Space-Age Designs, Part II

October 1, 2000

6 Min Read
Space-Age Designs, Part II

Space-Age Designs, Part II

Building self-storage for a new era

By Victor Lopez

The following is part two of a two-part series on the evolution ofself-storage design and site-plan considerations for a new era.

As you may recall from reading part one of this series, the design ofself-storage facilities has undergone considerable evolution from its first generation. Wediscussed that the final evolutionary step in development of the self-storage product isthe quest to develop the most economical, marketable facility possible. Following is amore detailed discussion of self-storage building design and its specific components,including individual design products.

The Metal Grid

In today's industry, the most economical and versatile structural design system forstorage buildings is the 5-by-10-foot light-gauge metal grid. To understand this basicdesign, visualize the typical long and narrow building. At 10-foot intervals along thebuilding length is a load-bearing wall, which consists of metal columns every five feet,connected with metal panels that form the side partitions of the units. At the top of thecolumns, purlins are connected and run the length of the building, supporting the roofpanels. The back walls of the unit are attached to the columns of the bearing walls at thedesired unit depth. This simple design allows for quick construction of the building andalso spreads the weight of the structure evenly across the floor, allowing for a moreefficient and economical design for the foundation.

Additional advantages of the 5-by-10-foot grid system include the variety of optionsfor columns between doors and exterior walls. Columns between the doors can beconcrete-filled block masonry, concrete tilt panels or heavy-gauge metal-finished with atextured paint. These same materials are used for exterior walls and, most often, incombination with dummy door panels or a variety of metal sheathing. For eye-catching curbappeal at the front of the facility, the grid framing can be easily blended with moretraditionally framed exterior walls that support block and brick veneers or stucco.

Don't forget about the options available with coiling doors and the small area abovethe door called the header or filler panel. The most common choice is to use a corrugatedmetal panel like that of the door in the same or a different color. Header panels are alsoseen in various types of metal panels, pre- finished or textured and painted in the field.Finally, the header panel may be required to be a structural component of the building.Concrete-block masonry or concrete tilt-wall panels are commonly used to satisfy therequirement.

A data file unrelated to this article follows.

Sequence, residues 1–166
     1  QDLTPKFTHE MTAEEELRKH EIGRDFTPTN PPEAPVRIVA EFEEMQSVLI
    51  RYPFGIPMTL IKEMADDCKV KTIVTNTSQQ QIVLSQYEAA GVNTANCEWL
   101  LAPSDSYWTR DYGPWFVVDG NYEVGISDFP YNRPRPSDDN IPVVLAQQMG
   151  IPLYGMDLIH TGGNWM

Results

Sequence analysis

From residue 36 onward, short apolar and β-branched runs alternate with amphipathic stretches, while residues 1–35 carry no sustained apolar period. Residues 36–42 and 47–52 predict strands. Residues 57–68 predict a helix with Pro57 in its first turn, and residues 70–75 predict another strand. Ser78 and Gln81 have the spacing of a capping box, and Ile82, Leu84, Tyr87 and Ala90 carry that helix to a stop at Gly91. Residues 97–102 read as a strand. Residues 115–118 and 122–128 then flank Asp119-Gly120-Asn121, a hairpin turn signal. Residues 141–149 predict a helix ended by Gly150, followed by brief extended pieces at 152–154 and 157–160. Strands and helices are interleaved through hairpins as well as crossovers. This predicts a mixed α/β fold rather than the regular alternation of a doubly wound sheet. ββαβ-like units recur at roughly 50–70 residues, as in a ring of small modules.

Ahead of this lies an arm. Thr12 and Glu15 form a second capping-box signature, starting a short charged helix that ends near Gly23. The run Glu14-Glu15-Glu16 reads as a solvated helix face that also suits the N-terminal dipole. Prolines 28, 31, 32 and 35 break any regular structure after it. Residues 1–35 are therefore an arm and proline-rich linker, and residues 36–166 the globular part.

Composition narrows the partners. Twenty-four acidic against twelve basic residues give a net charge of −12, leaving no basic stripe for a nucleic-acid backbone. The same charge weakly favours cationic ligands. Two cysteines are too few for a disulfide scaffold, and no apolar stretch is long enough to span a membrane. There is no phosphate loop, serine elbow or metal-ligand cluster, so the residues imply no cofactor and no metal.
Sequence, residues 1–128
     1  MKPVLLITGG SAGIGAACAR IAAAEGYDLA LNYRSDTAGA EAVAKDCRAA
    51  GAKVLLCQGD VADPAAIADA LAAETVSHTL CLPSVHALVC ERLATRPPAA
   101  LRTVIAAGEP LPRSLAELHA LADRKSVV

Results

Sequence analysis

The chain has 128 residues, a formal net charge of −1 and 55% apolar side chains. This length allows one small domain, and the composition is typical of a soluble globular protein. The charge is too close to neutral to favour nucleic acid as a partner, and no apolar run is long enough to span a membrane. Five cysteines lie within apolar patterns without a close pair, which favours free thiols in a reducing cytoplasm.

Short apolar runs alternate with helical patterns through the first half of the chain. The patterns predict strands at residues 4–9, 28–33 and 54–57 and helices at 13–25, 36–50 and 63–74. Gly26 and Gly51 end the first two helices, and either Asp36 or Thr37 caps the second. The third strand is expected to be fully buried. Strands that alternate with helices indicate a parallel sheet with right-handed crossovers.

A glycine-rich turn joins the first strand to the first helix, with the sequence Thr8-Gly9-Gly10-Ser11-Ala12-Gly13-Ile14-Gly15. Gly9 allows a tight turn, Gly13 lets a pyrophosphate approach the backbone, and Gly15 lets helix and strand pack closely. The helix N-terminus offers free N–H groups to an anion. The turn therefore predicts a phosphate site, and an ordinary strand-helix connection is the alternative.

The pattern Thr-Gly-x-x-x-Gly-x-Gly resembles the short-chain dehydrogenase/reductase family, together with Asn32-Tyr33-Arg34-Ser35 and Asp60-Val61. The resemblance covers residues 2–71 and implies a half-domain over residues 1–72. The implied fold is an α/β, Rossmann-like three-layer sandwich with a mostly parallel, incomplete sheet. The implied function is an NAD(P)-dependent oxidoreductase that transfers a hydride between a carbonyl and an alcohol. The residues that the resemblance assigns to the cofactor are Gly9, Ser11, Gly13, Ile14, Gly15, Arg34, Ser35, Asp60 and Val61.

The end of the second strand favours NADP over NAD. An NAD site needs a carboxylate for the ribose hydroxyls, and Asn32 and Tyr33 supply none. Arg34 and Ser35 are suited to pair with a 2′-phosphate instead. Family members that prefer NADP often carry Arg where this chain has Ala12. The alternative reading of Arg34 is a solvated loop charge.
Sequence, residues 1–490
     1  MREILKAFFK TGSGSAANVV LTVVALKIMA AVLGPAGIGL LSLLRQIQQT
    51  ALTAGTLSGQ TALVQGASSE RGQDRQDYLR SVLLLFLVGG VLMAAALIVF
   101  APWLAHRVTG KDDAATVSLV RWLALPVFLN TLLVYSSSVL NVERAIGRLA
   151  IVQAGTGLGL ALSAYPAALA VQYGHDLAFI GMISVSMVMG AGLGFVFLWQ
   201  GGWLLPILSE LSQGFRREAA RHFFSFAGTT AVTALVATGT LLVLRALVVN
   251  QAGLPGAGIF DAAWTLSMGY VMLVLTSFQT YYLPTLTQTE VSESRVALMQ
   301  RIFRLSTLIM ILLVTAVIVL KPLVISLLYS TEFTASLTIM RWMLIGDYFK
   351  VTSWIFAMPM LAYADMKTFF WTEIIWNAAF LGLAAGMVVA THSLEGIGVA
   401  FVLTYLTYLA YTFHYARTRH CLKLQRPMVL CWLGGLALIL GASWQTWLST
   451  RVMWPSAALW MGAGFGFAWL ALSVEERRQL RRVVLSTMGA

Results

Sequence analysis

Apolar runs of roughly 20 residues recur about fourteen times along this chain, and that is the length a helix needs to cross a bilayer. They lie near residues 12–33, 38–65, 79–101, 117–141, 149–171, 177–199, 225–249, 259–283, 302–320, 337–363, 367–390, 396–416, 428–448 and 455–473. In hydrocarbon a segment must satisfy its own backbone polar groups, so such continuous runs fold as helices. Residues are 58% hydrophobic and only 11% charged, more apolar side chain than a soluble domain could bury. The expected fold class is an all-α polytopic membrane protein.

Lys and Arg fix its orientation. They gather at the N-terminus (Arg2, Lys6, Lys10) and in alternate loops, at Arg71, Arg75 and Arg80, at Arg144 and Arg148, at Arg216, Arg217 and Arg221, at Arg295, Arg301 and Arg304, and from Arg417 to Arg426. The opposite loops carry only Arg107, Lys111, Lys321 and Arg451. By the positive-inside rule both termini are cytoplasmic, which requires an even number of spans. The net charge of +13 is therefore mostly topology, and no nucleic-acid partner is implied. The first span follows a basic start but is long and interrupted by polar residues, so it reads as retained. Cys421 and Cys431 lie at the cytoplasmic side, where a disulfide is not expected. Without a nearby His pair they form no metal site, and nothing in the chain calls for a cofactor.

Roofing Systems

Roofing systems have also evolved into a more durable and maintenance-free component ofstorage building design. The standing-seam metal roof system has several advantages overthe older screw-down roof. With the standing-seam roof, there are virtually no exposedscrews across the span of the building, eliminating potential leaks from weatheredfasteners. Metal roofing panels are available in the standard galvanized finish or avariety of colors. When properly supported by purlins and the 5-by-10-foot framing system,a 26-gauge roof panel is all you need. Right along with the roof panel is the vinyl-backedroof insulation. This is an integral part of the roof system and serves an importantrole--even in buildings that are not climate-controlled. Without the roof insulation, theunderside of the roof panels are subject to condensation--especially in areas with highhumidity--allowing water to collect inside the units.

Multi-Level Designs

As discussed in part one of this article, more and more of the sites available forself-storage dictate the use of split- and multi-level designs. The advantages to thesedesigns are that they increase net-leasable square footage while reducing the basis forland cost, facilitating climate-controlled square footage and allowing your facility tobecome part of the skyline. The same principles of single-story building design also applyto split- and multi-level storage buildings. However, as your building goes up, you mustconsider some additional parameters.